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October 30, 1992 - Image 27

Resource type:
The Detroit Jewish News, 1992-10-30

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Jews Feel
The Growin

Photo by E lle n Ber nste in

Mr. Kanal spoke at the Jewish cen-
ne irony of the current
German situation is that ter in downtown Berlin. Oddly, the fa-
the 40,000 Jews who live cility looks like a Jewish community
in that country have not been targets center in any prosperous American sub-
of the current wave of violence — at least urb — except for the banks of security
cameras near the front door, and the
not yet.
While Jewish cemeteries have been sliding steel gate meant to keep poten-
desecrated, and neo-Nazi skinhead tial attackers at bay.
"This is something we have to see as
groups have increasingly used anti-
Semitic slurs as part of their campaign a threat," said Mr. Kanal, a Holocaust
of hate, both the violent street gangs survivor who lost most of his family dur-
and the far-right political parties have ing the war. 'Whenever someone says
directed most of their wrath against that foreigners should leave Germany,
groups such as the Gypsies, Turks and we know that this could also apply to
the refugees from Africa and the Mid- the Jews. We are not immune."
The German Jewish community, he
dle East.
Forty-seven years after the Holo- said, agrees that "some controls" on the
caust, most Germans have learned a influx of asylum seekers will probably
measure of tolerance for the relative- be necessary. "But a severe limiting of
ly few Jews left in their midst. Or at asylum will probably not be possible,"
least they have learned not to express he said. "We are very much against
deleting the right of asylum (from the
anti-Semitism openly.
Nevertheless, the Jewish communi- constitution), or watering it down, and
ty is feeling the strain of recent events. we have spoken out about it."
Mr. Kanal said that Germany's Jews
"Jews are already involved," said
Jerzy Kanal, the new head of Berlin's — which includes a large number of Is-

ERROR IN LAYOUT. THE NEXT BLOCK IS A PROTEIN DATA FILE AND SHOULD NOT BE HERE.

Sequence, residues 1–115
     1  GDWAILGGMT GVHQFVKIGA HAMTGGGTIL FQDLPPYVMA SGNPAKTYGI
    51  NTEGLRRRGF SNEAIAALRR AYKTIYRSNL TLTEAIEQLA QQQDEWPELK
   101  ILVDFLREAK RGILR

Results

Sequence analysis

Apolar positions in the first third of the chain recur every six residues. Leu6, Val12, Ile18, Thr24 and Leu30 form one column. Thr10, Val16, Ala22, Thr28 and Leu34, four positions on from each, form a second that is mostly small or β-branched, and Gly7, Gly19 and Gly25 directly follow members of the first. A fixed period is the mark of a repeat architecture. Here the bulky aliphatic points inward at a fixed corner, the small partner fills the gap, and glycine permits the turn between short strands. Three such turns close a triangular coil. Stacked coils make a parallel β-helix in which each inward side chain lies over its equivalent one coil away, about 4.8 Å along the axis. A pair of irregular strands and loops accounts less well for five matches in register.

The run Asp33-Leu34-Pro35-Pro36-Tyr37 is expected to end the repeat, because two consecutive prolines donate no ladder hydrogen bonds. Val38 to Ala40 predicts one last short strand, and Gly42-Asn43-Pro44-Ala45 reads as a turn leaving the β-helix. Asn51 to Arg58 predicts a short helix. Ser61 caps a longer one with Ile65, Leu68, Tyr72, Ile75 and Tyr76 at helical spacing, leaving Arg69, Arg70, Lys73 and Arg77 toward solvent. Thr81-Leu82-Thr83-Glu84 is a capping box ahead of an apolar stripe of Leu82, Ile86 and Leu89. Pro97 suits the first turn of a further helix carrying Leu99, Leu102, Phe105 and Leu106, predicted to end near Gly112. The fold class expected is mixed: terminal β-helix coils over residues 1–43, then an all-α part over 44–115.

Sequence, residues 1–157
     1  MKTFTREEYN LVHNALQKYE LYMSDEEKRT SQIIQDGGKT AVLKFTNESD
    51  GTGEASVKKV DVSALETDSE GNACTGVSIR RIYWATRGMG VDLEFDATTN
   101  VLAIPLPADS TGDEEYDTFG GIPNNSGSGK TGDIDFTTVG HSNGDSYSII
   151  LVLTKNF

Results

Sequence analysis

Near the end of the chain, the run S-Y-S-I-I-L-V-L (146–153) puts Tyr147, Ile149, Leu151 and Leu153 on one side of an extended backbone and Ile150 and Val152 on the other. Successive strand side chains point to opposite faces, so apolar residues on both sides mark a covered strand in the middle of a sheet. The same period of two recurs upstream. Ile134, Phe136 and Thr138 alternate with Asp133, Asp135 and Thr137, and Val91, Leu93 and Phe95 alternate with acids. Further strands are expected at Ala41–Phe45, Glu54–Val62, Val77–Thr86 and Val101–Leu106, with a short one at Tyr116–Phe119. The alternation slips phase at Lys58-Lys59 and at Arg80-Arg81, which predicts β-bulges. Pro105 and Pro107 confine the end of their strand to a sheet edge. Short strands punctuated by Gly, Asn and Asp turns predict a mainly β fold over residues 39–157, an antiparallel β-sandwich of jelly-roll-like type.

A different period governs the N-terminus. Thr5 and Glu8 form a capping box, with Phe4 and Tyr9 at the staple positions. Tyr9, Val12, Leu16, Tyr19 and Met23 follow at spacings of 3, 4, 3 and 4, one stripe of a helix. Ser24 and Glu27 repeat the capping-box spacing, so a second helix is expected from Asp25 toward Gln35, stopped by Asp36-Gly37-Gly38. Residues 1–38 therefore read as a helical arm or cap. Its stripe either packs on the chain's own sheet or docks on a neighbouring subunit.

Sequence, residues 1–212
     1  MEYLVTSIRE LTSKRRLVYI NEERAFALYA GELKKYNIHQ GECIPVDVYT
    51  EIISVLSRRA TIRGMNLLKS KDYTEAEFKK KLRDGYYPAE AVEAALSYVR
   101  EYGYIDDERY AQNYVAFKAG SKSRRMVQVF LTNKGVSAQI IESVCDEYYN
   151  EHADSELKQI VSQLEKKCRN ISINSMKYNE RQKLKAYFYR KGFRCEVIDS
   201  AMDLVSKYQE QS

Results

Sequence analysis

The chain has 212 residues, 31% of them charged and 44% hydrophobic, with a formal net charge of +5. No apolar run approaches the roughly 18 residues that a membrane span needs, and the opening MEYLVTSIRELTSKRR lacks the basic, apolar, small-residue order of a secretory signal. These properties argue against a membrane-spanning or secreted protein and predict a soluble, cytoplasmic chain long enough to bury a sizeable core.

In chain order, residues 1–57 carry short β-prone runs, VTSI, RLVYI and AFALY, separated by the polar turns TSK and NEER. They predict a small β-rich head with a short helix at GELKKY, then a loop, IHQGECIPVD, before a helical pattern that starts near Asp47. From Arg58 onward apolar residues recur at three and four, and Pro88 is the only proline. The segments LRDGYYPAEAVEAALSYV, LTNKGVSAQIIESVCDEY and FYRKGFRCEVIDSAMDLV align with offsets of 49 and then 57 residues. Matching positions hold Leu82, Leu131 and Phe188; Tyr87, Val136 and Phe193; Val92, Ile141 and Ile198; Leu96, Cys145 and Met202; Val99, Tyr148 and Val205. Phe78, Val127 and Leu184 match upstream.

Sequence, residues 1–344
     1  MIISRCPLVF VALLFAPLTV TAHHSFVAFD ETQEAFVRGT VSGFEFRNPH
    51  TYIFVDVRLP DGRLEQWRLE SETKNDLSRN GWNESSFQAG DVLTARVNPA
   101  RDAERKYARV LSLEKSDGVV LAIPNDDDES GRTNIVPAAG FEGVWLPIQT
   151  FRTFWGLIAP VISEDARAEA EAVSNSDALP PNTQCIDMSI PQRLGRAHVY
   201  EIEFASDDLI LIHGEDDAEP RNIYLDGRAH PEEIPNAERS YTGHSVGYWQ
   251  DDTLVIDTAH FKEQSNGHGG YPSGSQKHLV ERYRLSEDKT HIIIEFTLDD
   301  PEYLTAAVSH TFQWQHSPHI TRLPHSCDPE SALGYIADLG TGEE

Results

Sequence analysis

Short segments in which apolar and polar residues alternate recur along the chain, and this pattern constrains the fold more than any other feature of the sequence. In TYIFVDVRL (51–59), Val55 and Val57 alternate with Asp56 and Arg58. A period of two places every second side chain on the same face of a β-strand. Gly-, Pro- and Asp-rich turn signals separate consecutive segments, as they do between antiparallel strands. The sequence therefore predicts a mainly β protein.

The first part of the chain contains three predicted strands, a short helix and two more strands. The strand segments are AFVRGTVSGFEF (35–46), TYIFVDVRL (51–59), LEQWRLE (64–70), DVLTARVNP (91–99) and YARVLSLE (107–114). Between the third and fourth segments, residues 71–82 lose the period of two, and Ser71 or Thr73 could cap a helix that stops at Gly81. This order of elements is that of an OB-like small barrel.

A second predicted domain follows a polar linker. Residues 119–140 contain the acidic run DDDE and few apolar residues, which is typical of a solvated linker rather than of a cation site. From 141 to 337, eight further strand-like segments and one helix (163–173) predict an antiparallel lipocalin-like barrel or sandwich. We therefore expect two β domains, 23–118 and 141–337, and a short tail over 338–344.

9,000-member Jewish community, by raeli ex-patriots and Jews from the for-
mer Soviet Union who have come for The Remnant: Worshippers leaving Berlin's Pestolozzi Street Synagogue following recent services.
far the largest in Germany.
economic reasons, as well as a
"Sometimes even a harder line is tak-
few Holocaust survivors such taro they belong in the land that en by the children of the victims," he
as Mr. Kanal and their descen- butchered millions of Jews in this cen- said. "They don't feel well; they feel vic-
dants — are indeed nervous.
"It is not particularly conducive to timized."
"We have spent some bad
Rabbi Stein does not hesitate to con-
life to live in a cemetery," said
days and nights recently," he
this grim message to congregants
said. "We were very surprised Rabbi Ernst Stein, who serves as chief at the four Berlin synagogues under his
by the violence in recent days."
Jews in Germany, he said, Stein was born in Germany in 1929 and purview.
"I don't really care if they want to
play an especially important fled to Shanghai in 1940. After living hear it; I have to say it," he said. "We
role as the nation begins to deal in New York, Miami and London, know that given the opportunity and
. with the revival of intolerance where he was ordained by the semi-
given the framework, we could be in the
nary, he returned to Berlin 12 years
and extremism.
same position as (the Gypsies), or any
"We have a very important ago to serve the Jewish community.
Today, German Jews cannot escape other non-German national group to-
guardian function," Mr. Kanal
feeling of living among the perpe- day."
said. "Often we find that we are
The recersurge of anti-foreigner
of the Holocaust and their de-
the only community to speak up
he said, has made it harder
on questions about minority scendants — an emotionally destructive for German Jews to ignore the fact that
situation, according to Rabbi Stein.
And that unhealthy psychology has they are strangers in a potentially dan-
But German Jews are an
passed on to a new generation of gerous land.
anomaly; even among them-
— James D. Besser
Jerzy Kanal: Bad days and nights for German Jews.
selves, they are not entirely cer-

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